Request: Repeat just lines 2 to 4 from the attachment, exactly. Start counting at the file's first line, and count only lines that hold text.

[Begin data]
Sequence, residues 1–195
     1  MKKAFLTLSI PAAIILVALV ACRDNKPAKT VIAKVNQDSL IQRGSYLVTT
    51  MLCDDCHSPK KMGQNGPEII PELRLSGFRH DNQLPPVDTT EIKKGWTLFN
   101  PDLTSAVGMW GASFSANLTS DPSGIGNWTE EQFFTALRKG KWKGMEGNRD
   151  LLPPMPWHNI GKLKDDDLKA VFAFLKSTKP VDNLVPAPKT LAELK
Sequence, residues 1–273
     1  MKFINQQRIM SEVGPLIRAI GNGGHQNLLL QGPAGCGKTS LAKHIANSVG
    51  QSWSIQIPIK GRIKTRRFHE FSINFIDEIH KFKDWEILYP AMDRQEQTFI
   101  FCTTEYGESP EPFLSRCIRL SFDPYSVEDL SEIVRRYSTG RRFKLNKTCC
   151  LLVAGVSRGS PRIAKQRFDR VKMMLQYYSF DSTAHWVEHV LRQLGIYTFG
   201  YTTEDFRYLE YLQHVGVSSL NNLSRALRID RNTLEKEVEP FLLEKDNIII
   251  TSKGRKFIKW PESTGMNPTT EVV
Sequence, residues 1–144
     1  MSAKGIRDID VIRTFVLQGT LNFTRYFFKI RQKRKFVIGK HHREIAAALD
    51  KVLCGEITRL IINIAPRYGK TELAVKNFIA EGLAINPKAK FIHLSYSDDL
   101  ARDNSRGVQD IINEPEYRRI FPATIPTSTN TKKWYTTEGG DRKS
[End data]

     1  MKKAFLTLSI PAAIILVALV ACRDNKPAKT VIAKVNQDSL IQRGSYLVTT
    51  MLCDDCHSPK KMGQNGPEII PELRLSGFRH DNQLPPVDTT EIKKGWTLFN
   101  PDLTSAVGMW GASFSANLTS DPSGIGNWTE EQFFTALRKG KWKGMEGNRD